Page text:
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Heb21. This dataset includes 33 manuscripts from Or 2518 to Or 5834. It includes many Arabic and Judeo-Arabic commentaries ranging in age from the 10th to the 16th centuries, such as on the Psalms and other biblical books from the Prophets and the Hagiographa. The earliest of these (Or 2552) is a collection of commentaries on Ecclesiastes and Lamentations, and Japheth ben Ali's Arabic commentary on Job. Japheth ben Ali is considered to be the foremost Karaite commentator on the bible, and he lived during the ‘Golden Age of Karaism’ in the 10th century. He died sometime in the second half of the 10th century, and so this manuscript, dated between the 10th and 11th century, could feasibly have been copied during his lifetime, or by someone who knew him directly.
9_or_2672_f067r 9_or_2672_f067rSefer ha-Peli’ah, unknown, 1562. Or 2672, ff. 31r and 67r: two folios from ‘Sefer ha-Peli’ah’ (The Book of Wonder), a Kabbalistic biblical commentary
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Heb22. This dataset contains 32 manuscripts from Or 6236 to Stowe Ch 297. As well as several commentaries, a magic spell, and the Revelation of St John in Hebrew translation (Sloane MS 237), this dataset includes six different Jewish marriage certificates (Ketubot) dating from between 1711 and 1835, and a discussion on marriage law from the 15th century (Or 6358).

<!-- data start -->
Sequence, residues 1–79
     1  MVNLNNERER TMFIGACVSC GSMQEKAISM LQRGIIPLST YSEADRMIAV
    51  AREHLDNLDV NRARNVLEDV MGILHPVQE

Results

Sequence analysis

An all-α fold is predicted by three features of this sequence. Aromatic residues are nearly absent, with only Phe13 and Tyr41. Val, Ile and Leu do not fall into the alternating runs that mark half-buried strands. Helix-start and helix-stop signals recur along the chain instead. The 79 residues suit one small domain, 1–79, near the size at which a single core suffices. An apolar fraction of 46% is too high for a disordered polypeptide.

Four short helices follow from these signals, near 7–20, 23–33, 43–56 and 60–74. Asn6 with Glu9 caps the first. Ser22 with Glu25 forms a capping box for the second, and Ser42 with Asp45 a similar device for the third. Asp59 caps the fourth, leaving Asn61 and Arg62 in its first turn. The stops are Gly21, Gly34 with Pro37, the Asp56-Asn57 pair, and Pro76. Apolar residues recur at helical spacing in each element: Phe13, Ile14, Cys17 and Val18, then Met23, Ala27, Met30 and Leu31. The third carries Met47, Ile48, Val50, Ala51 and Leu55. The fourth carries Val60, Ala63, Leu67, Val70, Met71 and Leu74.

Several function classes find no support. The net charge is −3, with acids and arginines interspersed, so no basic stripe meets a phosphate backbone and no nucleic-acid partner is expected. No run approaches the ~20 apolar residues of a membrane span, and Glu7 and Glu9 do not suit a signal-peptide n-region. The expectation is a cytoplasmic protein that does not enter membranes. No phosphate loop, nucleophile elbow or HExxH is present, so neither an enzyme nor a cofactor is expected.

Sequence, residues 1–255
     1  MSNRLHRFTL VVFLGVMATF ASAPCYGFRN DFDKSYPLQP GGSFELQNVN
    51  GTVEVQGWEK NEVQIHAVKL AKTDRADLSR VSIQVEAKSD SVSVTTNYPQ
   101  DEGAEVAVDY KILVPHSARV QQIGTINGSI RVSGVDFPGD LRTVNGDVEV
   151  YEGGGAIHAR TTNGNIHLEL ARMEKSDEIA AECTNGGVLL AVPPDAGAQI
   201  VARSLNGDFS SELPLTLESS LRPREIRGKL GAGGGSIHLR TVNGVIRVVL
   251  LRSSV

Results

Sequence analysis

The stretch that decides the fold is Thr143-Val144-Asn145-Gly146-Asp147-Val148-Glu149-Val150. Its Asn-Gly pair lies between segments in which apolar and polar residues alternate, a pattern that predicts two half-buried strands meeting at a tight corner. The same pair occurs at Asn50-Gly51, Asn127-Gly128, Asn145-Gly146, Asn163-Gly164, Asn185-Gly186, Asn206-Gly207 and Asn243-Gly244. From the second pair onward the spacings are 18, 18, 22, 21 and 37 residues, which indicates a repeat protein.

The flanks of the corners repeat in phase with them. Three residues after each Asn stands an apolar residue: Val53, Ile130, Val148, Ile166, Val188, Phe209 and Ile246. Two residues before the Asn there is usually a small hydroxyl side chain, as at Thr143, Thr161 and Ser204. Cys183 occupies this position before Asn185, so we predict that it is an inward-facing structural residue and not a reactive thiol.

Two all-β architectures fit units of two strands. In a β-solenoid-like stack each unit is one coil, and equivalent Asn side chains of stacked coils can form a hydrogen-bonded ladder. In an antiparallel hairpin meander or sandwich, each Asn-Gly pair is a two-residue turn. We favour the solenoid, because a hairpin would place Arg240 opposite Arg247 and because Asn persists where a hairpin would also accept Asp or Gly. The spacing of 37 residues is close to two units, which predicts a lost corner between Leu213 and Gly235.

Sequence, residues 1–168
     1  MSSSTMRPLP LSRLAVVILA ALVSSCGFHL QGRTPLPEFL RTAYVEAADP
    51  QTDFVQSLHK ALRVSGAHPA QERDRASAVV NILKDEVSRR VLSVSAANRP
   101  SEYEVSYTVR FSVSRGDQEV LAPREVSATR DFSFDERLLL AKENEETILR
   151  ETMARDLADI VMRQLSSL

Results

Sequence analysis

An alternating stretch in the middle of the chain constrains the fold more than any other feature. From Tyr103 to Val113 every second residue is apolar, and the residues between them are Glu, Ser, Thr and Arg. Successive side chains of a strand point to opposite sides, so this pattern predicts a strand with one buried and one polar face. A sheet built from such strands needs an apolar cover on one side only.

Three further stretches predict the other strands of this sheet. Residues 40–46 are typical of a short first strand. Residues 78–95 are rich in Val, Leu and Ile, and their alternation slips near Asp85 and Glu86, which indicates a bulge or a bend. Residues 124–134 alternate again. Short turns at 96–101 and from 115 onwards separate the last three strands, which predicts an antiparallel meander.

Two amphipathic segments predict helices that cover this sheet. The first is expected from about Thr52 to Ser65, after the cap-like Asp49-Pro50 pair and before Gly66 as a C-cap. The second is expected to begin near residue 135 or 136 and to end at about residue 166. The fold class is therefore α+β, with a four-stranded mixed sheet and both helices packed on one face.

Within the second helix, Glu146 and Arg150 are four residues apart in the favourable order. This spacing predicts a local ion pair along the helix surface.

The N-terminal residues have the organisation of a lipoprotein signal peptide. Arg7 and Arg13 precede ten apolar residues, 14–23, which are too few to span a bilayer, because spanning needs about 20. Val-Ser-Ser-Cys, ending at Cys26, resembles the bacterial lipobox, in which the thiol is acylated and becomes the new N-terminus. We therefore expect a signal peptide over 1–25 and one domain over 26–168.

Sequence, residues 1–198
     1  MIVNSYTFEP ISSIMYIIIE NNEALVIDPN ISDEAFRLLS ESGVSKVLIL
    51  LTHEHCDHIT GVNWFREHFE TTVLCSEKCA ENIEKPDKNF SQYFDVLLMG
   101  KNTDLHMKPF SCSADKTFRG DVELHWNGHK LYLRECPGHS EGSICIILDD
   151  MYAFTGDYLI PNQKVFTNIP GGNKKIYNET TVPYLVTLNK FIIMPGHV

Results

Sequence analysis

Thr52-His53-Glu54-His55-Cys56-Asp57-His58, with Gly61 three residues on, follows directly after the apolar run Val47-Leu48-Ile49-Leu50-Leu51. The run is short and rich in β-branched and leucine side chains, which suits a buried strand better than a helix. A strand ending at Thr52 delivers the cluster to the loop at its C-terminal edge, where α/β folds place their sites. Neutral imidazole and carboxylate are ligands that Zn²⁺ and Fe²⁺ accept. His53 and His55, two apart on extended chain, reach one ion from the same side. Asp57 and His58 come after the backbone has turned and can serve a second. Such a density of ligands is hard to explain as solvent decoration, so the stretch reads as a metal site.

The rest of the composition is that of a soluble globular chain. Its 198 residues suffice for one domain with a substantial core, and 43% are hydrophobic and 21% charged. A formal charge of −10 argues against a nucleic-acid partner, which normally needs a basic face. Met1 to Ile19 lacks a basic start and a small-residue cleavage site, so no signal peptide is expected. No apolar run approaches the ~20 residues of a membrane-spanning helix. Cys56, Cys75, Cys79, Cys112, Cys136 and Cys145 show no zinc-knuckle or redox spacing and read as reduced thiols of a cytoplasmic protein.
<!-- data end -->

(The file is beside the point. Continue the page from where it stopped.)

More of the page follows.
Stowe Ch 297 is part of the British Library’s fascinating collection of English charters dating to before the expulsion of the Jews in 1290. It is a French quitclaim with a Hebrew docket dating from 1266, in which Beatriz of Rattlesden, the prioress and the convent of Flixton is released from any obligation on the lands she and her convent acquired from Oliver Buscel.
Or 6360 is a 17-18th-century collection of astrological, kabbalistic and magical fragments. It includes ‘Sefer ha-Levanah’, an astrological book about the stages of the moon’s orbit, and ‘Mafteah Shelomoh’, a Hebrew translation of part one of the 14th or 15th-century grimoire ‘Key of Solomon’, one of only two versions that exist in Hebrew (part two, in Or 14759, is in the process of being digitised as part of Phase 2 of the Hebrew Manuscripts Digitisation Project). The text is attributed to King Solomon, and it would have been written originally in Latin or Italian. It includes invocations to summon the dead or demons, and compel them to do the reader’s will. It also includes curses and spells such as for finding stolen items, invisibility, and love.
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Collection of Astrological, Kabbalistic and Magical Fragments, unknown, 1600–1700. Or 6360, f. 1r:the first page of ‘Sefer ha-Levanah’, with an Astrologer